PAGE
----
Pennsylvania legislators released statements after Congress voted to end the government shutdown and avoid default.
Sen. Bob Casey, D-Pa, voted for the measure:
"I am grateful that the Senate was able to move forward with a bipartisan agreement to reopen the government and avoid default. Pennsylvanians deserve better than the irresponsible brinkmanship they saw over the last few weeks. I hope this experience will help change the tone in Washington and that members on both sides of the aisle will refocus their efforts on creating jobs and strengthening the economy. I intend to work immediately to push bipartisan legislation to help middle class families like my Small Business Tax Certainty and Growth Act."
Sen. Pat Toomey, R-Pa., voted against the bill:
Toomey said he voted against "increasing America's debt burden because the legislation does nothing whatsoever to address the overspending problem that has caused our debt to mount. "The one major redeeming aspect of this bill is that it reopens the government. I disagreed with the plan to make funding the government contingent on defunding Obamacare and I am glad this bill will get the shutdown behind us. But I cannot support piling hundreds of billions of dollars of debt on current and future generations of Americans without even a sliver of reform to start putting our fiscal house in order."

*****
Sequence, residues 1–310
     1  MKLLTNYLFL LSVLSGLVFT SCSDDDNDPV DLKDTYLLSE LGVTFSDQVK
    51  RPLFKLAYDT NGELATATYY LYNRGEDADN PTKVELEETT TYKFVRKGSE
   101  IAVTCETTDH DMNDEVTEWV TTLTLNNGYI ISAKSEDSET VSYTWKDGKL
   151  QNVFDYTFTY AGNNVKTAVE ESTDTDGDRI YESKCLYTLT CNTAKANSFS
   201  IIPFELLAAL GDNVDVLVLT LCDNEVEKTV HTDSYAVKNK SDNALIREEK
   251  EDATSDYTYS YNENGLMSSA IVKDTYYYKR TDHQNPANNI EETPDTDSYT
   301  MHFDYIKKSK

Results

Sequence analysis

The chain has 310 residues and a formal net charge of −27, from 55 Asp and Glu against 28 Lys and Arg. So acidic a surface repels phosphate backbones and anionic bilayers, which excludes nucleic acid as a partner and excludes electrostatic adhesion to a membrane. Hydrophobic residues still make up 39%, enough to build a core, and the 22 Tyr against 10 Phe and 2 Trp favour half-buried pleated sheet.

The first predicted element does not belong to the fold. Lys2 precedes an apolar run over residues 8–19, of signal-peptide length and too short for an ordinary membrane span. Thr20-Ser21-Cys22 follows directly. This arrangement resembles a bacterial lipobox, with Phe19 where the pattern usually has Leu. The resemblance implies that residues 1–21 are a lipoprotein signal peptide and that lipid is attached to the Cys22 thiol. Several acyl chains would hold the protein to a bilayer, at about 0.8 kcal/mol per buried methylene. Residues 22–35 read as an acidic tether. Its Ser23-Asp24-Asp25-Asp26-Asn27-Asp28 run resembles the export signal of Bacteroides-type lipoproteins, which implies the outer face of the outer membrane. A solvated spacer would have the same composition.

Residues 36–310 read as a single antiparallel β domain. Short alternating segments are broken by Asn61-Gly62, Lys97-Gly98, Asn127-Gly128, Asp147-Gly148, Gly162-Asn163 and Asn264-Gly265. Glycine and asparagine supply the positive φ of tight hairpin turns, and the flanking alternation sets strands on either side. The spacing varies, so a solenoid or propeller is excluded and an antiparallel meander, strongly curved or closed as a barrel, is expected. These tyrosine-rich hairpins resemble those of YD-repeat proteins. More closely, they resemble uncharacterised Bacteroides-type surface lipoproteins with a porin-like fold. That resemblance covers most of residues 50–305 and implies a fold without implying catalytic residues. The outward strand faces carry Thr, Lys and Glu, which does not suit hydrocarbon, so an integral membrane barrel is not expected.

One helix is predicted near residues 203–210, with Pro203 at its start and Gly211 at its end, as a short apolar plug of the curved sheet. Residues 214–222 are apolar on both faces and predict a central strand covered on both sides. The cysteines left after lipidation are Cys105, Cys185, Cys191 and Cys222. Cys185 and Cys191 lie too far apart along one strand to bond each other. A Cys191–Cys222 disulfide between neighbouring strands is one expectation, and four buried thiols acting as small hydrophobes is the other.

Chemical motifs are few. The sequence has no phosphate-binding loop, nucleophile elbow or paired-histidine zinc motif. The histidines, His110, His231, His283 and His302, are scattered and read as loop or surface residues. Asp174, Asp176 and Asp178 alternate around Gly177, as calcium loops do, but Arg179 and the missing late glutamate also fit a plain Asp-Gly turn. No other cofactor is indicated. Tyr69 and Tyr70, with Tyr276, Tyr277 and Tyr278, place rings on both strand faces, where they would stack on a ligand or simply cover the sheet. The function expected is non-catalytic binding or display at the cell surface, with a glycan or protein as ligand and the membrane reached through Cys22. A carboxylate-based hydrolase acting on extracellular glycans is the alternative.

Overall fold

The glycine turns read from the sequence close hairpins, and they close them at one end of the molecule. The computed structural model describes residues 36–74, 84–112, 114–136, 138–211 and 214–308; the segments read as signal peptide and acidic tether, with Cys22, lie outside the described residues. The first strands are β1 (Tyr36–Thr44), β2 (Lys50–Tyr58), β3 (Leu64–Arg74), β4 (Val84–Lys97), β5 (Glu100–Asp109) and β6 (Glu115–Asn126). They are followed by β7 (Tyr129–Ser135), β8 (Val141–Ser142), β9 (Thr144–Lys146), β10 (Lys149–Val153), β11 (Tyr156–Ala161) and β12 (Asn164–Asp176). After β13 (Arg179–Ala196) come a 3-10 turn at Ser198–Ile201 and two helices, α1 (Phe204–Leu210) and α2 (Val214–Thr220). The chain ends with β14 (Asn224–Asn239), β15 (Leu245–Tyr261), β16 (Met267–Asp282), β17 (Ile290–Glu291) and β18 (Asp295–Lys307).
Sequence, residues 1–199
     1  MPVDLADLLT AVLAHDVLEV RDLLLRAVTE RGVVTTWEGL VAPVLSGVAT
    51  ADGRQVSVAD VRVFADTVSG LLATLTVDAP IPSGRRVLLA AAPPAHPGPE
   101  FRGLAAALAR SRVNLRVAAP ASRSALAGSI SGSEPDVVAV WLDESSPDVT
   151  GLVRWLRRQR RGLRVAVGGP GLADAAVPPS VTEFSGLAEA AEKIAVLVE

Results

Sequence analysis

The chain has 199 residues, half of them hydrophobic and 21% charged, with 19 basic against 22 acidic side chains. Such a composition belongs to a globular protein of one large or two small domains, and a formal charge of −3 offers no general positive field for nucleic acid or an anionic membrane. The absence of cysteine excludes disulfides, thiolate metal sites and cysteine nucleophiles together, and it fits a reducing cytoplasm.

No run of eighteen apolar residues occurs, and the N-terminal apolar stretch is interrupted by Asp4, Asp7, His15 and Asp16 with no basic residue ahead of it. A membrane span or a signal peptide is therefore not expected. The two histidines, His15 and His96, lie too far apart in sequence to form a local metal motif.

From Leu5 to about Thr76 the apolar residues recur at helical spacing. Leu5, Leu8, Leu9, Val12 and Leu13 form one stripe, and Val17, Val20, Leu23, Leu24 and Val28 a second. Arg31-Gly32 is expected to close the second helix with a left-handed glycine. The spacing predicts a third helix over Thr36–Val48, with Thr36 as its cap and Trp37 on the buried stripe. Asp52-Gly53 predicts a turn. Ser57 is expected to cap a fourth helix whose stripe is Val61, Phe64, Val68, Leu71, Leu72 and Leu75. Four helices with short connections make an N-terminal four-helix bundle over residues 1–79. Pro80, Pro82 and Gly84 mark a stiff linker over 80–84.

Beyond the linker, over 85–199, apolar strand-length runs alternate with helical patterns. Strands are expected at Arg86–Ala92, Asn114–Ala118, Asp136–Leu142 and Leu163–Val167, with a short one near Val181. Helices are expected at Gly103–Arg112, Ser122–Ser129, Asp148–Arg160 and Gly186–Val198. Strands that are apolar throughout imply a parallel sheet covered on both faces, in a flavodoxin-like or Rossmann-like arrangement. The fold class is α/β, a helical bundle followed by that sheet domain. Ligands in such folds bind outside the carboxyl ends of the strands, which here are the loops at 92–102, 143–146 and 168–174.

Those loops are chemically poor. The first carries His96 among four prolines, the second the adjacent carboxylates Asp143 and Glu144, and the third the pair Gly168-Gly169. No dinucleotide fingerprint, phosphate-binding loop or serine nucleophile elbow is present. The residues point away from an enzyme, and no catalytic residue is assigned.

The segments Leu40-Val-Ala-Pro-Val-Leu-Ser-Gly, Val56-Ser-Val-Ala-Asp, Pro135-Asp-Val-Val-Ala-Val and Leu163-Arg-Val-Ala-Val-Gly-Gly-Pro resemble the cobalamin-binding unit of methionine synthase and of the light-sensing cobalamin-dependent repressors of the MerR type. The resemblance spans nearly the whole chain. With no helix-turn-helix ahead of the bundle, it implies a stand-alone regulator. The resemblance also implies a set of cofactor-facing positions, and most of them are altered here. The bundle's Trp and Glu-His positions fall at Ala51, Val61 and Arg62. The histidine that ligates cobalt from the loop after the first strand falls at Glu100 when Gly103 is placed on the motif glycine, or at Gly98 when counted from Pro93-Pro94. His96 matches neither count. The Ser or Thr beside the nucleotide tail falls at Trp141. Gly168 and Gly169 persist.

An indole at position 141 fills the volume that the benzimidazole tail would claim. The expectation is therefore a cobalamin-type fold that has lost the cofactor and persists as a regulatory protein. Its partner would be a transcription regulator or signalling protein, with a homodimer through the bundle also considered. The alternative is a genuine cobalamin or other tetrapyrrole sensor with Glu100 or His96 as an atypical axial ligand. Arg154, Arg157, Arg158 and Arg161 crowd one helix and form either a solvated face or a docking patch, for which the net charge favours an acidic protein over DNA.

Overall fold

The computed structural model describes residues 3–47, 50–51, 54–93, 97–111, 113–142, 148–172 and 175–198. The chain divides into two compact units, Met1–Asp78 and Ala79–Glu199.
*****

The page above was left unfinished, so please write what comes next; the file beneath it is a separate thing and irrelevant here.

"Collectively, Washington has once again avoided the tough decisions needed to reduce our unsustainable debt and strengthen the economy for all Americans. This is a clear failure of leadership on behalf of the Obama administration and Congress. ... Although we'll all be glad when this current impasse is over, the fundamental issues at hand remain unchanged: We're nearly $17 trillion in debt and are in the process of bankrupting programs like Social Security and Medicare. Democrats and Republicans must finally end the process of kicking these difficult issues down the road for someone else to deal with. Our debt is hurting our ability to create family-sustaining jobs right now. It's a national security threat and it's making us uncompetitive globally. We simply can't keep spending money we don't have."